In this study, we employed different indexes related to the cerebral and emotional reactions of the subjects to the stimuli provided: the Effort, the Emotional, and the Visual Attention Indexes. In the following, we would like to describe the roots of such indexes in the already existing literature of the psychophysiological measurement of cognitive and emotional states, and how such indexes could be linked to the impact of the images related to Effective and Ineffective antismoking PSAs.

2.1. The Effort Index

It is known that the prefrontal cortex (PFC) plays a pivotal role in a cortical circuit involved in emotional and cognitive processes [31, 37]. The unbalance of the EEG spectral power in alpha frequency band (8–12 Hz) over left and right prefrontal areas is frequently used as a proxy of the involvement of PFC in the decision making. By using the PFC brain activity, the Effort Index has been proposed as an efficient index of cognitive processing and mental fatigue occurring during the performance of task [38, 39]. In literature, the use of the Effort Index to evaluate the processing level and difficulty of task has been performed in a wide variety of field: neuroaesthetics [40], air traffic management, and driving tasks [4148]; auditory [4951]; and human-computer interaction [52] studies.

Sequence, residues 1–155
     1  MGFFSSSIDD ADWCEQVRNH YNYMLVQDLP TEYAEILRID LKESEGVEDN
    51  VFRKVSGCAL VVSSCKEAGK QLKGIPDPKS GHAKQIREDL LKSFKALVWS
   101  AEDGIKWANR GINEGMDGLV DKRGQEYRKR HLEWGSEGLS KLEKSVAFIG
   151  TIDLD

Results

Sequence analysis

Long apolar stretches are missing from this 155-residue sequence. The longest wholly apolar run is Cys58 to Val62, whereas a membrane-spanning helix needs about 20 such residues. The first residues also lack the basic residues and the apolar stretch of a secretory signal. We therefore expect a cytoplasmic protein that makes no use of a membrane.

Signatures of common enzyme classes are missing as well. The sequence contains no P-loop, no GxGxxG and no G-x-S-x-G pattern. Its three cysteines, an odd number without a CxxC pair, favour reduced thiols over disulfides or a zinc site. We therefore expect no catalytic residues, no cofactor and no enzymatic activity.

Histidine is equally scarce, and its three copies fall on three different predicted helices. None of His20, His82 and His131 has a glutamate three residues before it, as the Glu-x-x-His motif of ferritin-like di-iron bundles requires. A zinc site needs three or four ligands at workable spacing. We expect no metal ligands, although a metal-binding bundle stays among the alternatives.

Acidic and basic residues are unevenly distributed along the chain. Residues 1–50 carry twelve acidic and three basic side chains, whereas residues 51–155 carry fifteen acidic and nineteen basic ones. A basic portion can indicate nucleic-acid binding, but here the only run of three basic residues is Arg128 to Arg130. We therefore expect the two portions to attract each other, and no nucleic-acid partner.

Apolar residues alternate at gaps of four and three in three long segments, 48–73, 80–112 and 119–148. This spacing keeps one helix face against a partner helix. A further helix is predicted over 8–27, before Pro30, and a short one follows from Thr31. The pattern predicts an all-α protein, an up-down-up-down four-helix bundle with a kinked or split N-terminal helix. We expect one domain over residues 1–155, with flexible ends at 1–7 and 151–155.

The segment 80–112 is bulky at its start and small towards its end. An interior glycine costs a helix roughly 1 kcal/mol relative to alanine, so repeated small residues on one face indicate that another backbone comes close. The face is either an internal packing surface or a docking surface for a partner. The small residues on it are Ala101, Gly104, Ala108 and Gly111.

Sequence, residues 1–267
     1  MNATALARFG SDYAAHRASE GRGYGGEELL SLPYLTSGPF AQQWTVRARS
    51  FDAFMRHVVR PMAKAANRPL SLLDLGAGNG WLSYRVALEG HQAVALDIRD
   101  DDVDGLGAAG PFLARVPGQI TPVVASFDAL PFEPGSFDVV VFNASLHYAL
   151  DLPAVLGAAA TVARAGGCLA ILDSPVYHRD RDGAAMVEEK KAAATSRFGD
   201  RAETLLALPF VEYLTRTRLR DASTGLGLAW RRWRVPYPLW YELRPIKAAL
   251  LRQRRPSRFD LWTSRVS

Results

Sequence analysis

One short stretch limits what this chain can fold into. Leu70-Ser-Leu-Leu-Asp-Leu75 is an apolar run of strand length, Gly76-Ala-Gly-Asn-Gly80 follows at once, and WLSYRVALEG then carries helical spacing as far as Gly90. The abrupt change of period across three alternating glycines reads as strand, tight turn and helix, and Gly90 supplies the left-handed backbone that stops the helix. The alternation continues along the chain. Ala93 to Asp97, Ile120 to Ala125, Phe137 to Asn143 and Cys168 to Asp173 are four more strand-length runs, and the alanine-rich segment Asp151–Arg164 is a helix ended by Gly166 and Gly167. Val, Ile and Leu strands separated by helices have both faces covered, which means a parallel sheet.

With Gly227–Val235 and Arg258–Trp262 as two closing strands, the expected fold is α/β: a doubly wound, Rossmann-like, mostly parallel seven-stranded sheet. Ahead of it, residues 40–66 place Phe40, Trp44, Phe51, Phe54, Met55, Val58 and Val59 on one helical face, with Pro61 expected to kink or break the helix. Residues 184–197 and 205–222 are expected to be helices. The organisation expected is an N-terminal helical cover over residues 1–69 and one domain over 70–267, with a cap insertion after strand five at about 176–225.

2.2. The Emotional Index

It has been demonstrated that emotional involvement has long been acknowledged as an essential ingredient in the recipe for persuasion; in fact, the study of persuasion has often examined the various influencing roles of emotion, suggesting how emotion plays an especially significant role in healthy campaigns [5356].